Circular fashion fights climate change
Circular fashion are "clothes, shoes or accessories that are designed, sourced, produced, and provided with the intention to be used and circulate responsibly and effectively in society for as long as possible in their most valuable form, and hereafter return safely to the biosphere when no longer of human use." (1)
By definition, secondhand clothing (vintage or contemporary) is considered to be a central part of the circular fashion economy. It continues to be of use and value to people in spite of its age and, oftentimes, in spite of its condition. The longer it remains in the possession of people, and out of the landfills, the more you reduce its carbon footprint.
When I first opened my shop, I knew fundamentally that vintage and secondhand clothing was cool for the esthetics and style. But little did I understand then that buying used clothing was also a way to protect the planet and its natural resources.
All these years later, learning how hurtful new fashion, particularly fast fashion, is to the earth and people, has changed my relationship to fashion and how I buy clothes. I'm very intentional about buying virtually everything used for myself and family. And I want to share what I've learned so far to hopefully inspire you to do the same.
Here are some important stats about the fashion industry
- the fashion industry is one of the top three polluters in the world
- it is one of the largest consumers of water on the planet, consuming in 2015 alone, enough water to fill 32 million Olympic-size swimming pools!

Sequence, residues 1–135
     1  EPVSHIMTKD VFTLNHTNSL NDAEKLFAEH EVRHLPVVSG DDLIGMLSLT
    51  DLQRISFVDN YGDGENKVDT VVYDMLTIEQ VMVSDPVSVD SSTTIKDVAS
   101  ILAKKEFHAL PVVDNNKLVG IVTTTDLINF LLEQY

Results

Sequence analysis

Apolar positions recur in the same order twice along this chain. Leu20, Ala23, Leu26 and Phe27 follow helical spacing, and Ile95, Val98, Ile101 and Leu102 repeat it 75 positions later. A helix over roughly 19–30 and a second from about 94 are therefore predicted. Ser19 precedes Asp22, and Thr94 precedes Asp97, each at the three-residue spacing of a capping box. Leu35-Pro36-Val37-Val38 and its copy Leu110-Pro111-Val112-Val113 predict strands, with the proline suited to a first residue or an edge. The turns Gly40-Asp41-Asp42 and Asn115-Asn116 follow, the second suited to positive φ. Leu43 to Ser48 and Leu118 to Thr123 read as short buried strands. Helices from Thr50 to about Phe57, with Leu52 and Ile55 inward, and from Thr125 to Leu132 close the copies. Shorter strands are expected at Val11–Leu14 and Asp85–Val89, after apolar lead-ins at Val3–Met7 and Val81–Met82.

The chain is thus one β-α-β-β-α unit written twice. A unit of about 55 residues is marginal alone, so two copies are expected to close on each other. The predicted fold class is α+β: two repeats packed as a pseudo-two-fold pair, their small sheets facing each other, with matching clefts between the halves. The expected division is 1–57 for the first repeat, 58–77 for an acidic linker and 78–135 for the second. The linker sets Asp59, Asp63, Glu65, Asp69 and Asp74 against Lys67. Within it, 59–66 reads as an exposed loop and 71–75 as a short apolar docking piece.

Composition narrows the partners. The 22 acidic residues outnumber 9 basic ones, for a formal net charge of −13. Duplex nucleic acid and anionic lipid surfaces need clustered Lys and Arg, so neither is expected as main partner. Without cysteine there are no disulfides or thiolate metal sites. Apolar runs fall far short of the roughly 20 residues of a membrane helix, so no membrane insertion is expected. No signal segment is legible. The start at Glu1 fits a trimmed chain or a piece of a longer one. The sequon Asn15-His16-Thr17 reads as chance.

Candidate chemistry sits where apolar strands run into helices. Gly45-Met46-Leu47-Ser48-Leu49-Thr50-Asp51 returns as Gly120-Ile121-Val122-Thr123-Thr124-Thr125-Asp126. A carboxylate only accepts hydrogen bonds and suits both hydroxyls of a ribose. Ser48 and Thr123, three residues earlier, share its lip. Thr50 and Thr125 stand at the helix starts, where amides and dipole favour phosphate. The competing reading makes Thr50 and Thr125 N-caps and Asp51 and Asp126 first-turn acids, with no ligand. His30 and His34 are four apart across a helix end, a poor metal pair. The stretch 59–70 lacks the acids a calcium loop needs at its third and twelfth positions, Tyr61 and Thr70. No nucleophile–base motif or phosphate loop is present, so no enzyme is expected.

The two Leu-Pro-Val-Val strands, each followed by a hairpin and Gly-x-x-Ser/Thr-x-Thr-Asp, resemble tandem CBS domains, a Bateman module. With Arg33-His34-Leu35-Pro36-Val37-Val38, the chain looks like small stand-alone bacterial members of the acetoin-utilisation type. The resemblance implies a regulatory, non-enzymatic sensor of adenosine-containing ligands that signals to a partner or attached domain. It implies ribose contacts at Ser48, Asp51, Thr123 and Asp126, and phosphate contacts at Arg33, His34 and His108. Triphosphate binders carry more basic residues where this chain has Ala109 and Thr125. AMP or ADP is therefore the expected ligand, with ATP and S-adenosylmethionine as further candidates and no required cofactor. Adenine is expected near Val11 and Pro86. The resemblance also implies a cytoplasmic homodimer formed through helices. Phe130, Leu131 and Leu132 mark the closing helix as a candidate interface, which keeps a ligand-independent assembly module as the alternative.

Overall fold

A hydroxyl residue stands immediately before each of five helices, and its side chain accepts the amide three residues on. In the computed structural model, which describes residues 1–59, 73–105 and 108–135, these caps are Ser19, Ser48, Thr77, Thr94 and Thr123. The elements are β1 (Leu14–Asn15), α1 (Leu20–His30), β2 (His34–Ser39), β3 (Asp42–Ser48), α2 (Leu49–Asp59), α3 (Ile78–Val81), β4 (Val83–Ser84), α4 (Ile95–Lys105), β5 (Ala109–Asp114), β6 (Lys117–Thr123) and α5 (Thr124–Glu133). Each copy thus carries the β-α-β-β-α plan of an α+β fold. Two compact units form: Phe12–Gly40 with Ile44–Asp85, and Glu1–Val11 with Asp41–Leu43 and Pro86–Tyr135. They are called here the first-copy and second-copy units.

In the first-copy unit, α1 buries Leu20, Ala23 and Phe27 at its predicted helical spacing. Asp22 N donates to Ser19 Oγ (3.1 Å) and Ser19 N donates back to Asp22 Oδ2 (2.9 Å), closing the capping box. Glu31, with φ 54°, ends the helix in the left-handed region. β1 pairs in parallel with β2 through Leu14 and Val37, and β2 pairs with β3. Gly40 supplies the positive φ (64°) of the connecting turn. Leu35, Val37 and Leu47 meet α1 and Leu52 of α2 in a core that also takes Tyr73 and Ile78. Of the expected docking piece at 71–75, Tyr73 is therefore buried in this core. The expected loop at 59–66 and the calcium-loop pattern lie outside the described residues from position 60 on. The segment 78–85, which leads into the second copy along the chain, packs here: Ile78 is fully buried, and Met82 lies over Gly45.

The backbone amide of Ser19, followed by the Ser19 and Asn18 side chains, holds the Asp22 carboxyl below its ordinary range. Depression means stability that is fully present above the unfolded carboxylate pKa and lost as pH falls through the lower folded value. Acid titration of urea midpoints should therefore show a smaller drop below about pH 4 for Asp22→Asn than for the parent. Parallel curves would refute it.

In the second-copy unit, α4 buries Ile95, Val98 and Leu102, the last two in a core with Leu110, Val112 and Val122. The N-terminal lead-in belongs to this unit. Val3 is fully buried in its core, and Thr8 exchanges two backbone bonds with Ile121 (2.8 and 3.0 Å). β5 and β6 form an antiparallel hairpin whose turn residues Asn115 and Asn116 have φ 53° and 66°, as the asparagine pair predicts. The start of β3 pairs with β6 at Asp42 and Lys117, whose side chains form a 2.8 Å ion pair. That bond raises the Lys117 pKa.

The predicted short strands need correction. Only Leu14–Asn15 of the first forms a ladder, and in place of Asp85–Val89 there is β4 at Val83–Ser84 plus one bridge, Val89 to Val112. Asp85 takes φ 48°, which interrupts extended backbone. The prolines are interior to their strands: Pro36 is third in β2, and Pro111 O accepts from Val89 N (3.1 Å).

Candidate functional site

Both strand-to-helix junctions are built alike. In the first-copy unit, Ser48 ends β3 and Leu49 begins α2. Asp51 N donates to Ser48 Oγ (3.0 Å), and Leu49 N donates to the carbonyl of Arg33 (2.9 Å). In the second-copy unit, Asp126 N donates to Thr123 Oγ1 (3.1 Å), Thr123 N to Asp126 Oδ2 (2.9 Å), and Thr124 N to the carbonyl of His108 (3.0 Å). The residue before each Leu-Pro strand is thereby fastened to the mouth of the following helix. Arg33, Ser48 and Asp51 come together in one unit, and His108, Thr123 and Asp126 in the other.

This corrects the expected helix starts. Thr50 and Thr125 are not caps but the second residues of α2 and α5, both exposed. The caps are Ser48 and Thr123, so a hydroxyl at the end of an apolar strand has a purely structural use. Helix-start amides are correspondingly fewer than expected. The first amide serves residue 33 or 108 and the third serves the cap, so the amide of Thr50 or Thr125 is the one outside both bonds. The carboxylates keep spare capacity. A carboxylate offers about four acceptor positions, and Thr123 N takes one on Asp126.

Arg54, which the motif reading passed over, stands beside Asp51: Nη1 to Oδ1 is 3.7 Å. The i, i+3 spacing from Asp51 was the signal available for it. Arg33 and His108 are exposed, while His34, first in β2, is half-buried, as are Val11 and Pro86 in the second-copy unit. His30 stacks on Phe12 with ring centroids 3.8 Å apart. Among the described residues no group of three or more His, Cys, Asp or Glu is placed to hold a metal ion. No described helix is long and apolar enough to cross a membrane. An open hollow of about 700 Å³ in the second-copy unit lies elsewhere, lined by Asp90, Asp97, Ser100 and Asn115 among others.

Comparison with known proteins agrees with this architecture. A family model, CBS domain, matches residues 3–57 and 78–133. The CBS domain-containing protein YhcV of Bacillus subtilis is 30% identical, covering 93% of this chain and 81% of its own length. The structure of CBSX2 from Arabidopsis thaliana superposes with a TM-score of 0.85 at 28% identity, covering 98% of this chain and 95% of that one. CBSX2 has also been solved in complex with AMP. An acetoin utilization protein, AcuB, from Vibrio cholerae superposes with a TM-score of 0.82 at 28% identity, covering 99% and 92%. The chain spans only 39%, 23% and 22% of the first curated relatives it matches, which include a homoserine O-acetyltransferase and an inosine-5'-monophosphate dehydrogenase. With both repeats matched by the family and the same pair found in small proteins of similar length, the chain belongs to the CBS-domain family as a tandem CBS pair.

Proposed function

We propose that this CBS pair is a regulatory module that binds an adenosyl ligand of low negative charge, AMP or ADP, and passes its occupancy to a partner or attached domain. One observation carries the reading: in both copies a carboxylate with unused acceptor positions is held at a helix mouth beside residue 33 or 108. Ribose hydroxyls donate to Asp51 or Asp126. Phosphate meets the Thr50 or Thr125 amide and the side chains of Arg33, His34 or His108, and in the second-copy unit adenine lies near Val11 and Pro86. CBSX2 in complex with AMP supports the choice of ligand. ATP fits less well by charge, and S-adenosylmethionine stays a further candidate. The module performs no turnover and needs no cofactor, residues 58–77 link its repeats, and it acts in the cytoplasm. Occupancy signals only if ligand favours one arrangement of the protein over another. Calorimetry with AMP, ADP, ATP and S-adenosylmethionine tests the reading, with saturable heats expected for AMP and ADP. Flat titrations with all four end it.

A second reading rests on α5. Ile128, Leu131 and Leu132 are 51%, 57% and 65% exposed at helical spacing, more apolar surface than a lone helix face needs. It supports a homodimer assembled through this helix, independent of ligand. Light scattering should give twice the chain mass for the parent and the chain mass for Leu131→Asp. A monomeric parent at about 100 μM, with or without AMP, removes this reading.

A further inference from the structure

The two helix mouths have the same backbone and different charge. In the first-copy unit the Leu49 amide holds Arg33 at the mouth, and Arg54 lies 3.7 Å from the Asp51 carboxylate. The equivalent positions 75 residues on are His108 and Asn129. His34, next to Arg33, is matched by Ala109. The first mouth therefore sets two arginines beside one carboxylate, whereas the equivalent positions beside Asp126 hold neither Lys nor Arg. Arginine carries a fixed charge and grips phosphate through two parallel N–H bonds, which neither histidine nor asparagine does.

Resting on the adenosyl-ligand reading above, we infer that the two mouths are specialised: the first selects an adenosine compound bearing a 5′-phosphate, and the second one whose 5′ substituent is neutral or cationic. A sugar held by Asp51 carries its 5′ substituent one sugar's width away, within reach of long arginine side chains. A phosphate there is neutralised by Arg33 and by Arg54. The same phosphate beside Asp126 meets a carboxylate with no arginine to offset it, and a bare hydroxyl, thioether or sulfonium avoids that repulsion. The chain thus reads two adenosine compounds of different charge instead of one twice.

- fast fashion brands like Zara produce 52 new micro collections PER YEAR.
- the fashion industry is notorious for exploiting garment who are by and large women of color.
- Most work under dangerous conditions without earning a living wage, both in and outside of the United States (yes, clothes that are "Made in the USA" can still be exploitative!).
New fashion's impact on the planet cannot be understated.
Consumers of all ages, but especially young consumers, are building a greater awareness about the highly polluting practices of the fashion industry. Because of this they are also demanding changes in how fashion is manufactured by no longer shopping brands that are known to hurt the environment. And it's working. The industry is taking notice. Some designers and brands have started to make some changes.
- Independent brands only make small batch collections
- 0-inventory retail means that clothing is not produced in bulk in advance and in anticipation of demand. It is produced when actual orders are placed. This means greatly reduced waste.
- 0-waste sewing approaches are being employed to reduce excess textile waste
- Fabrics are being developed from renewable sources like fungi. These fabrics are being made to be made again.
LaliSimone is an advocate of circular fashion. I invite you to take a moment to consider what changes you can make with your wardrobe to join the effort to combat climate change.
For tips and inspiration on how to transition into a No New Clothes lifestyle, check out my blog "No New Fashion 2021".
(1) Photo credit: Vivienne Westwood S/S 2016 "Mirror The World", the collection was about raising awareness about climate change issues, with particular attention to saving Venice (and the rest of the world...) from the threat of rising sea levels.